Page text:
Test Your TTAB Judge-Ability: Is JIN-JA Merely Descriptive of Herbal Tea?
The USPTO refused registration of the mark JIN-JA for herbal tea, on the ground of Section 2(e)(1) mere descriptiveness. Applicant appealed, contending that JIN-JA is an arbitrary term with no recognized meaning in English, and that U.S. consumers would not recognize or pronounce Jin-Ja as "ginger." The Examining Attorney maintained that the mark is the phonetic equivalent of "ginger," particularly as pronounced by persons with non-rhotic accents (i.e., persons who do not pronounce the letter "r" unless it is followed by a vowel sound). The Board panel was divided in its decision. How do you think it came out? In re Canada Enterprises LLC, Serial No. 85026331 (September 27, 2013) [not precedential].
The Examining Attorney relied on a Wikipedia entry entitled "Rhotic and non-rhotic accents," the latter accents being found in the South, New England and New York. [As they say in Boston, pahk your cah in Hahvad Squayah - ed.]. The panel majority was unimpressed by the PTO's evidence, It noted that Wikipedia evidence, when uncorroborated, is "fraught with shortcomings." [If Wikipedia evidence must be corroborated because of its shortcomings, why not just make it inadmissible? - ed.]. The non-English website evidence and the bare search engine results proffered by the PTO were insufficient to establish a prima facie case of distinctiveness.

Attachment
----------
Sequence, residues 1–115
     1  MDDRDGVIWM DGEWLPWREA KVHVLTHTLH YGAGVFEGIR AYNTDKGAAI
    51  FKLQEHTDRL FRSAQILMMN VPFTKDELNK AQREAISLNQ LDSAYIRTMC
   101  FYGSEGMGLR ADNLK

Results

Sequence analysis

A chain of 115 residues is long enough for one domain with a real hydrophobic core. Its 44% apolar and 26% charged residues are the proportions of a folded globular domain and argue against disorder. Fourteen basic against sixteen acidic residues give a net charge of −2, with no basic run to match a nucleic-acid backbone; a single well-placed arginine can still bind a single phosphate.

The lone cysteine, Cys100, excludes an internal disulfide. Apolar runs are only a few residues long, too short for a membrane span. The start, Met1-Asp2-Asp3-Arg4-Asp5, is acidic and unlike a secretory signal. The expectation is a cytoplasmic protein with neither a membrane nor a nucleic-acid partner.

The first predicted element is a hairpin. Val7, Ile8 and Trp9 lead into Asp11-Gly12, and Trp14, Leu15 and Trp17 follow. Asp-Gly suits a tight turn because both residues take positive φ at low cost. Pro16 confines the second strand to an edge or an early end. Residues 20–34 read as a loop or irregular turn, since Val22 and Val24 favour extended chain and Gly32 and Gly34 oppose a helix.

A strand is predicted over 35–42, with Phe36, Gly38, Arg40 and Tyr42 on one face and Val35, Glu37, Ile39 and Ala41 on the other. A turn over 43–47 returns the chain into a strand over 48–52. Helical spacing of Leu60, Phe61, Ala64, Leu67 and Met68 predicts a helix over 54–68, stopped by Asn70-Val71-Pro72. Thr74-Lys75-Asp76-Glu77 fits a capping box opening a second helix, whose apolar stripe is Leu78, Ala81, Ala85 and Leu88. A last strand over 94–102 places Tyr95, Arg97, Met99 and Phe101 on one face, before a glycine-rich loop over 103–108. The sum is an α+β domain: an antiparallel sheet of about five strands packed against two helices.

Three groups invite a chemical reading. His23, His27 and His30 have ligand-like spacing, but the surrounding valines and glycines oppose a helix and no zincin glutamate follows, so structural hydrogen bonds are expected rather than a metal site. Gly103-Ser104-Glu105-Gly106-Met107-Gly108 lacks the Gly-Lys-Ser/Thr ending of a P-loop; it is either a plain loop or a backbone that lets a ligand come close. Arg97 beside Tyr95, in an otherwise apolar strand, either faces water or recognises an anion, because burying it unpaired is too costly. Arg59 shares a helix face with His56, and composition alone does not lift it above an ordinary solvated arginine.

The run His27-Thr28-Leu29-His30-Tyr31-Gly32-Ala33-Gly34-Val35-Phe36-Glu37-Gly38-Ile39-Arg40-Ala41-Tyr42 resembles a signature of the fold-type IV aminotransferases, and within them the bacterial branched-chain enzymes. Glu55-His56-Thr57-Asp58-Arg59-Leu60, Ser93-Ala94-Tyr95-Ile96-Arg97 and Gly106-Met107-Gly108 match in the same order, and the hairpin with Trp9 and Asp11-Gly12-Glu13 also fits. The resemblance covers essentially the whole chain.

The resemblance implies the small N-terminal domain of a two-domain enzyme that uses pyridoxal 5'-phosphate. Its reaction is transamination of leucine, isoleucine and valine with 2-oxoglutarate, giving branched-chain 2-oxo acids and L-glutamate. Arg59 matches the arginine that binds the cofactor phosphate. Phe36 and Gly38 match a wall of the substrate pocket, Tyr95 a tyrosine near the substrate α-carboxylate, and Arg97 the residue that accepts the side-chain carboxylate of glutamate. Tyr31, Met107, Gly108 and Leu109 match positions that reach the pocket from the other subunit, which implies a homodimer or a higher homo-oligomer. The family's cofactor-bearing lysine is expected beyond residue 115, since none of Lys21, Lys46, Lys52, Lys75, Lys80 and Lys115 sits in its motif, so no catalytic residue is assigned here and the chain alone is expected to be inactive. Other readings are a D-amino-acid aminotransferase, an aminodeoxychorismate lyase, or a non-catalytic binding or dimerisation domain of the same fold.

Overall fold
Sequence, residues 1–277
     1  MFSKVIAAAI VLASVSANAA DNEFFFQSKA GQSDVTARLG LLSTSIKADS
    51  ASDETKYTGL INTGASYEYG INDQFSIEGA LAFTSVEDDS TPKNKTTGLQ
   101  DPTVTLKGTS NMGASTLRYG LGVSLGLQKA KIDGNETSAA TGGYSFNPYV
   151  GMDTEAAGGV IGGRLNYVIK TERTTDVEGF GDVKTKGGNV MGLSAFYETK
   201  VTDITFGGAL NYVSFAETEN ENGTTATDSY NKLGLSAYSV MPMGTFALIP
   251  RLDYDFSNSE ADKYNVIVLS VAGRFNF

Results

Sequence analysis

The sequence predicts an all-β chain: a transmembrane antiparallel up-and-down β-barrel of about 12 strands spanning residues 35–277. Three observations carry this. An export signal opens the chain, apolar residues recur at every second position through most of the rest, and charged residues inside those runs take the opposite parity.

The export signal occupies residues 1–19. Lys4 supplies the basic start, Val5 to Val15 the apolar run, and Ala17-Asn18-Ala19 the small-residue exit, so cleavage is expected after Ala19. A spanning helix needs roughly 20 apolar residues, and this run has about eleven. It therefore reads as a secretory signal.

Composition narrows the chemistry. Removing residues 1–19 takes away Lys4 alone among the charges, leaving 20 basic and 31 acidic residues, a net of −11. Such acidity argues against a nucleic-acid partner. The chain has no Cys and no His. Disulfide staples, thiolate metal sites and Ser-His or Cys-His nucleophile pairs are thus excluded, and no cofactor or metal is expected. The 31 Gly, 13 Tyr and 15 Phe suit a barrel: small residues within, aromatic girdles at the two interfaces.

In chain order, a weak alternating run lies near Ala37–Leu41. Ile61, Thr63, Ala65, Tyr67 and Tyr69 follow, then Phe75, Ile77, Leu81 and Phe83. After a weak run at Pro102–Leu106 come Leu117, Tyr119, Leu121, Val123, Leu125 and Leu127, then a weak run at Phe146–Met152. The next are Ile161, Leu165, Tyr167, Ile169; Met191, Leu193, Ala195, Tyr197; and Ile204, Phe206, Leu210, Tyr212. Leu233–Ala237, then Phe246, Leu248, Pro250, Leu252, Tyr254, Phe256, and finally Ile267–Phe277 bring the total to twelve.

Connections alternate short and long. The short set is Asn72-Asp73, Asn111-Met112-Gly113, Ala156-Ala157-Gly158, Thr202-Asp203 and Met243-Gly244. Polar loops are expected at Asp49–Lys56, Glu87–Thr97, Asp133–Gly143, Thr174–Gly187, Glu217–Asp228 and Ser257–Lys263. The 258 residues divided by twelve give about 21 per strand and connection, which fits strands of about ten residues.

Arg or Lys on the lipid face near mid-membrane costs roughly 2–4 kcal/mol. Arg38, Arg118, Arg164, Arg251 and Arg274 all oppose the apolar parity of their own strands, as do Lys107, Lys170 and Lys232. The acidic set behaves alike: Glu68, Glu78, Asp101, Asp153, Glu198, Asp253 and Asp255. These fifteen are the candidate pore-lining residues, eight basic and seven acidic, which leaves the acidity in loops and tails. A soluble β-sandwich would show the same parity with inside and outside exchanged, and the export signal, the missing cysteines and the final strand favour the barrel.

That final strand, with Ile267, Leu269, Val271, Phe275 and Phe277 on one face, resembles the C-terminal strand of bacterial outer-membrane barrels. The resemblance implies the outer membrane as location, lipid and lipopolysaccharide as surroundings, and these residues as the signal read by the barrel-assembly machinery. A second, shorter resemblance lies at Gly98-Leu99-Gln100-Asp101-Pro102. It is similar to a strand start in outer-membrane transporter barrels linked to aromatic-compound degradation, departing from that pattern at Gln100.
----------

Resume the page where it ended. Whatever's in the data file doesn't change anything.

Judge Bucher, in dissent, had no doubt that Jin-Ja "immediately conveys information about the most important ingredient of this drink, namely 'ginger.'" He looked to the prior statements of applicant's CEO, a third-party blog referring to applicant's main ingredient as "ginger (get it, 'jin-ja')," the flower imagery appearing adjacent applicant's mark, and the non-rhotic accent of South Philadelphia, applicant's original market. Judge Bucher found that this evidence corroborated the Wikipedia evidence that the panel majority dismissed.
Judge Bucher then offered some practical tips for Examining Attorneys in light of the subject cirumstances:
Examining attorneys cannot produce expert witnesses. These professionals who are on production cannot take valid and probative surveys to nail down "Philly speak" for the word "ginger."” Yet where an issue such as regional pronunciations comes into play, the challenge of making a prima facie case is a critical part of the assignment.
So perhaps as hundreds of very capable attorneys in the examining corps scratch their collective heads, trying to draw out “lessons-learned” from this reversal, a creative and efficient possibility might well have been to provide applicant and this Board with hyperlinks to online video clips – such as one where well-known MSNBC television commentator, Chris Matthews (who incidentally, likes to discuss on-air his “Philly accent”), towards the end of a four-minute segment, refers three times to EPIC’s Ginger McCall as "\'jin-jah\."
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TTABlog note: I don't understand how the panel majority let this one get by. Isn't it obvious that jin-ja is ginger? Maybe I've lived in Boston too long.
Text Copyright John L. Welch 2013.